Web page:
PEOPLE v. GALLARDO

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Supreme Court, Appellate Division, Second Department, New York.

The PEOPLE, etc., respondent, v. Bernard GALLARDO, appellant.

Decided: January 27, 2009

ROBERT A. SPOLZINO, J.P., FRED T. SANTUCCI, JOHN M. LEVENTHAL, and CHERYL E. CHAMBERS, JJ. Lynn W.L. Fahey, New York, N.Y. (Katherine R. Schaefer of counsel), for appellant. Richard A. Brown, District Attorney, Kew Gardens, N.Y. (Gary Fidel and Ayelet Sela of counsel), for respondent.

Appeal by the defendant from a judgment of the Supreme Court, Queens County (Lasak, J.), rendered April 24, 2007, convicting him of attempted murder in the second degree, assault in the first degree, criminal possession of a weapon in the second degree, and criminal possession of a weapon in the third degree (two counts), upon a jury verdict, and imposing sentence.

ORDERED that the judgment is affirmed.

 The trial court providently exercised its discretion in declining to give a missing witness instruction to the jury (see People v. Savinon, 100 N.Y.2d 192, 196, 761 N.Y.S.2d 144, 791 N.E.2d 401;  People v. Gonzalez, 68 N.Y.2d 424, 427, 509 N.Y.S.2d 796, 502 N.E.2d 583).   Contrary to the defendant's contentions, the witness's testimony would have been cumulative (see People v. Rivera, 249 A.D.2d 141, 672 N.Y.S.2d 32;  People v. Tate, 199 A.D.2d 291, 604 N.Y.S.2d 252), and the People demonstrated that they made diligent efforts to find the witness, but could not locate her (see People v. Williams, 47 A.D.3d 854, 849 N.Y.S.2d 633;  People v. Lubrano, 43 A.D.3d 829, 844 N.Y.S.2d 319;  People v. Rivera, 249 A.D.2d 141, 672 N.Y.S.2d 32;  People v. Skaar, 225 A.D.2d 824, 638 N.Y.S.2d 846;  People v. Aguirre, 201 A.D.2d 485, 607 N.Y.S.2d 398).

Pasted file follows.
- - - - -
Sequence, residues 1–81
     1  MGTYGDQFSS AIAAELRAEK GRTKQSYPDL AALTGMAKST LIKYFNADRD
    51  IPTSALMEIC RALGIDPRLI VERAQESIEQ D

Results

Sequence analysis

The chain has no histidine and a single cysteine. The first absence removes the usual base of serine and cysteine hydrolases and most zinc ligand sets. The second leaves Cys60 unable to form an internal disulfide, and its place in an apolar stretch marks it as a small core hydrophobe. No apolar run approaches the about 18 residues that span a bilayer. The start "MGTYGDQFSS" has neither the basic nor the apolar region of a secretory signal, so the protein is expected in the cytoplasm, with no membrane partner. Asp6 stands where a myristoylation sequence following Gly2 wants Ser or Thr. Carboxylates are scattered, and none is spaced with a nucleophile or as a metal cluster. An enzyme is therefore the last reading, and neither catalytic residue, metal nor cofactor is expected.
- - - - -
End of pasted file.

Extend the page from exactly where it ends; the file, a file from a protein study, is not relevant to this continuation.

The trial court's instructions regarding the defense of justification (see Penal Law § 35.15) were properly focused on the charges related to the second victim, and provided the jury with the correct rules to be applied in arriving at its verdict (see People v. Ladd, 89 N.Y.2d 893, 895, 653 N.Y.S.2d 259, 675 N.E.2d 1211).   The court need not marshal the evidence except to the extent necessary to explain the application of the law to the facts of the case, and is not required to explain all the contentions of the parties or outline all the inconsistencies in the evidence (see CPL 300.10 [2];  People v. Saunders, 64 N.Y.2d 665, 667, 485 N.Y.S.2d 250, 474 N.E.2d 610).

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